Jesse Owens is seen as one of the greatest athletes in Olympic history, winning four gold medals at the 1936 Olympics in Berlin, Germany.
However, what people may not know is that Owens won these medals when racial tension and political upheaval were high.
His road to the Olympics was long and arduous.
Jesse Owens’ Background
Born in Alabama on September 12, 1913, Owens grew up in poverty as the grandson of a slave and the son of a sharecropper.
As a child, he picked over 100 pounds of cotton a day. His family moved to Cleveland in search of a better life when Jesse was nine.
He ran 10.3 seconds in the 100-yard dash in high school, almost as fast as Usain Bolt, running 9. 58 seconds. Ownes ran on a cinder track without starting blocks to propel him from the start, digging holes as starting blocks in the dirt before the race.
Owens’ spikes were longer compared to the very short modern spikes used today to boost running performance. The cinder tracks he ran created more resistance, which meant the track was slower than running today.
So was Owens as fast as Bolt today, even in the 20th century?
Off to Columbus
In 1933, Owens went to Ohio State. Most athletes of his caliber were given scholarships. However, due to Jesse’s color, he was not.
Owens had to work to pay for university, and at the same time, compete for the OSU track team. He worked as a night elevator operator in the library, waiter, and pumped gas.
Owens was not permitted to stay in the same dorm with the other athletes nor eat with the team. He was barred from staying in the general men’s dorms as well. He had to live in a boarding house with several other African-American students. However, Owens focused on what he could do to be the best by developing his athletic ability and studies.
Coach Larry Snyder at OSU was astonished by Jesse’s athletic ability. He befriended him during a difficult time. Larry’s friendship helped and encouraged Jesse. While the majority of colleges didn’t let black athletes participate, Larry did.
When Jesse would compete at other colleges, he was heckled by the crowds. Despite this, Larry taught Jesse how to block out the crowd’s insults to keep him focused on the race.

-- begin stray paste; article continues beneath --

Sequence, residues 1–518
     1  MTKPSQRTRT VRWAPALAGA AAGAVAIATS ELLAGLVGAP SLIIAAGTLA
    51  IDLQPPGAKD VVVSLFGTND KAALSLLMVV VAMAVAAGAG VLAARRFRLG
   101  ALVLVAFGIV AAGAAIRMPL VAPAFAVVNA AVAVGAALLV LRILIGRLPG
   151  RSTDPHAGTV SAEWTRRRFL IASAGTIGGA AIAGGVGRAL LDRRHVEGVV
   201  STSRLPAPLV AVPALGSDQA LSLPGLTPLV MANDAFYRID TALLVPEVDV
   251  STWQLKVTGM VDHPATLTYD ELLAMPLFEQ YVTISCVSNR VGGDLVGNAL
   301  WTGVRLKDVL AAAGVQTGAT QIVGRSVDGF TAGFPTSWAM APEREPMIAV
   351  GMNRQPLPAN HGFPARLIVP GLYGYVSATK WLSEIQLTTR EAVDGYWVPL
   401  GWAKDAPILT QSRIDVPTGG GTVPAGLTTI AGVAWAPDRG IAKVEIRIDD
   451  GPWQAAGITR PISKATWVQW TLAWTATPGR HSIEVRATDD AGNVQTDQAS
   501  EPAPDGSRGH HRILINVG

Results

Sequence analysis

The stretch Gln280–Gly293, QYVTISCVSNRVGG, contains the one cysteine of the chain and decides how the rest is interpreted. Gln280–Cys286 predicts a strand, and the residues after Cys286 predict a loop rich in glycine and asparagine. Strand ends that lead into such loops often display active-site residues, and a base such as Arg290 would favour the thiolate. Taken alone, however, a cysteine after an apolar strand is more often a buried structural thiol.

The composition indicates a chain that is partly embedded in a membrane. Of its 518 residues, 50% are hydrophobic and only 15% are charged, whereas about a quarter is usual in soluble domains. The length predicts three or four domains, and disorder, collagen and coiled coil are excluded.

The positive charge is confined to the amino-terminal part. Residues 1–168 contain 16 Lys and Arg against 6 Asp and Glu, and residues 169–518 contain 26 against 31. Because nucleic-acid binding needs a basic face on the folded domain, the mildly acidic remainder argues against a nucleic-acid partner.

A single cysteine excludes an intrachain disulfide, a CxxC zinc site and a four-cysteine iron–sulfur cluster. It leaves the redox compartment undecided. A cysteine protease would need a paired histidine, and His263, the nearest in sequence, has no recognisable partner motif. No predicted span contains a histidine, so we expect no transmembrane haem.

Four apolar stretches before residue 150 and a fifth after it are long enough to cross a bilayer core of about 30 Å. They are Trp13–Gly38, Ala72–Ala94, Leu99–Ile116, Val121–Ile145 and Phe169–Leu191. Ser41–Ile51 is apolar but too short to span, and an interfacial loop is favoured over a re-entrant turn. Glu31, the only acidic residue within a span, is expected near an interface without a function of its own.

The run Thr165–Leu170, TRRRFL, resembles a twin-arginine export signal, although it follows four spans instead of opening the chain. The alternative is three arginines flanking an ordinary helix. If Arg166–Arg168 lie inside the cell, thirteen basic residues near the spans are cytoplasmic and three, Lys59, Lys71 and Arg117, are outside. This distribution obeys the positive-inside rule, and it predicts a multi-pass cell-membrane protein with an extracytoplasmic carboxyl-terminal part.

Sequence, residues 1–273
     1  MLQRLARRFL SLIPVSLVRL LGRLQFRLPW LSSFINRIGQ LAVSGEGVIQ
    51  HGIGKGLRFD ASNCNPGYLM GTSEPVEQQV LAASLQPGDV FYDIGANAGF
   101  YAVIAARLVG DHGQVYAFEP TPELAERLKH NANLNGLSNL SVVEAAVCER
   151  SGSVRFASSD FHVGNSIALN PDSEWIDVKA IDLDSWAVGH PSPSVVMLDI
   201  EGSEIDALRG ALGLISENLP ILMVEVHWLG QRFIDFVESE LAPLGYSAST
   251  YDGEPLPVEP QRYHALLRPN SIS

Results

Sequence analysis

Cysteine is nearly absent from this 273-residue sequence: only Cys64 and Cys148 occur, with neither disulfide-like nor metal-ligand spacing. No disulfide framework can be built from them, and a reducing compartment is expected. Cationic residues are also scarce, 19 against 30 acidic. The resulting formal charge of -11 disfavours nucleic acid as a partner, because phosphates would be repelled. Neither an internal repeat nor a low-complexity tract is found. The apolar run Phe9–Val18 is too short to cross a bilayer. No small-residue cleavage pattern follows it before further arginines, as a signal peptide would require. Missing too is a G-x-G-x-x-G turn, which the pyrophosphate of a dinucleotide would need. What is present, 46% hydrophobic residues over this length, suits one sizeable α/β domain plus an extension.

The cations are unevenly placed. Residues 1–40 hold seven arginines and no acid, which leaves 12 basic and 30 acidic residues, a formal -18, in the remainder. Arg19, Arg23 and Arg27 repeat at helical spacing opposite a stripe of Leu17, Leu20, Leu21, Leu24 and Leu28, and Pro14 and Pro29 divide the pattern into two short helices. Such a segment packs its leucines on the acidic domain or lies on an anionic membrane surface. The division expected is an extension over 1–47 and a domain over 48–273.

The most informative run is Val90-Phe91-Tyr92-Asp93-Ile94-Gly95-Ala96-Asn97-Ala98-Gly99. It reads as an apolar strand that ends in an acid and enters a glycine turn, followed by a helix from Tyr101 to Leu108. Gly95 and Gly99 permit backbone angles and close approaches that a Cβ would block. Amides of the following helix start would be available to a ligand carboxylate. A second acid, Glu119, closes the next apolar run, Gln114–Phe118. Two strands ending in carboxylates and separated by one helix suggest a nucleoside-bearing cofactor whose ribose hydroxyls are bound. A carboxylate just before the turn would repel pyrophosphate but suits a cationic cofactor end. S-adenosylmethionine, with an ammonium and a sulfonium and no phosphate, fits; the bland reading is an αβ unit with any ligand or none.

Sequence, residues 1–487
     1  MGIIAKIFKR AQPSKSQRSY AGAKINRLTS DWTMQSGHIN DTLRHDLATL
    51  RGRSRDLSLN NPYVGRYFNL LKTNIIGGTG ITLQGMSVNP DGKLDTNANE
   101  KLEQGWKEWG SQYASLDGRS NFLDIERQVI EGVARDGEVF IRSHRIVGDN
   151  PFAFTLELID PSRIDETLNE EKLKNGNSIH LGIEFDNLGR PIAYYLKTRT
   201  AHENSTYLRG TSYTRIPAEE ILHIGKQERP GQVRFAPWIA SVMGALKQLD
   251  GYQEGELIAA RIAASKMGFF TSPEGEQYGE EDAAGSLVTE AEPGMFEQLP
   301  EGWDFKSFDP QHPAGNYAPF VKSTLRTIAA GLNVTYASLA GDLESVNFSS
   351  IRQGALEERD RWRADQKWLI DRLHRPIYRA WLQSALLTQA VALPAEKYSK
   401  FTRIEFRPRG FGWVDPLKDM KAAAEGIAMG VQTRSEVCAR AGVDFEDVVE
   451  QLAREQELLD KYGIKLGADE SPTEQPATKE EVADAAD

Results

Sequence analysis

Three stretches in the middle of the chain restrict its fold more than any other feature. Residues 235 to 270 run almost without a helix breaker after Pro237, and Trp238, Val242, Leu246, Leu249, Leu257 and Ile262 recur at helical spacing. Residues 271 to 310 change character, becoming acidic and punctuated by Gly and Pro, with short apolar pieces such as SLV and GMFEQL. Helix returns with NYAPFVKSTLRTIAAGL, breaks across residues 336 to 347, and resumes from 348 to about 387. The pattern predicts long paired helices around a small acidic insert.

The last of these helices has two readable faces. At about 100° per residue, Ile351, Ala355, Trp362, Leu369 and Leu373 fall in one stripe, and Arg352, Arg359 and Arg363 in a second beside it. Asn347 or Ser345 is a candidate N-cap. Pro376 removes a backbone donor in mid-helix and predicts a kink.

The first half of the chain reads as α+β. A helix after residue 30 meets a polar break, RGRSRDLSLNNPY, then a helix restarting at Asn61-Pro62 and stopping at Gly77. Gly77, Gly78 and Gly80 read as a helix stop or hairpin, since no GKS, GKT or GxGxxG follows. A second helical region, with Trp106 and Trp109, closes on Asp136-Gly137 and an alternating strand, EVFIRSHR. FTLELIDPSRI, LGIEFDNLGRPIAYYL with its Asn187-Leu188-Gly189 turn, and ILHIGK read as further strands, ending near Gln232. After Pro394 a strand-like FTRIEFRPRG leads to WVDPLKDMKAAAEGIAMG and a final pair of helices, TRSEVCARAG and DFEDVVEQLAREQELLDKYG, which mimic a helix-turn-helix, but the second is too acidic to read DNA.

Becoming an Olympian
Owens shattered many college records. His incredible athleticism earned him an invite to the 1936 Olympics.
Team USA had considered boycotting the Olympics because of Adolf Hitler. Hitler wanted to ban certain ethnic groups from the Olympic games. He thought the Aryan race was superior and no person of color had any chance of winning.
Owens faced pressure not only to win in Germany but also from the NAACP. They wanted him to boycott the games and send Hitler a message. However, Jesse knew that going and winning would send a bigger message, but getting there would be another challenge.
At the Olympics, Owens won four gold medals, a feat never accomplished before. Three of the four gold medals broke world records.
He formed a friendship with a German long jumper, Luz Long. Jesse said that his friendship with Luz was bigger than winning any gold medal. In a stunning act of kindness, Luz helped Jesse qualify in his long jump.
On Owens’ first attempt, he thought it was a practice jump. However, the officials had already signaled the start of the event. Luz told Jesse to jump about one foot before the marker. And, on his next jump, Owens broke the world record and beat Luz for the Gold in the finals.
The German officials were furious with Luz for helping and befriending the competition.
Owens said, “It took a lot of courage for him to befriend me in front of Hitler. You can melt down all the gold medals and cups I have, and they wouldn’t be a plating on the 24-karat friendship I felt for Luz Long at that moment.”
Owens would go on to work with young athletes on behalf of multiple organizations. In a time of racial and political tension, he became a hero for all with his sheer will and perseverance.
In 1976, Owens was awarded the Presidential Medal of Freedom, the highest award bestowed upon a civilian. He was also awarded the Congressional Gold Medal in 1990 by President George Bush.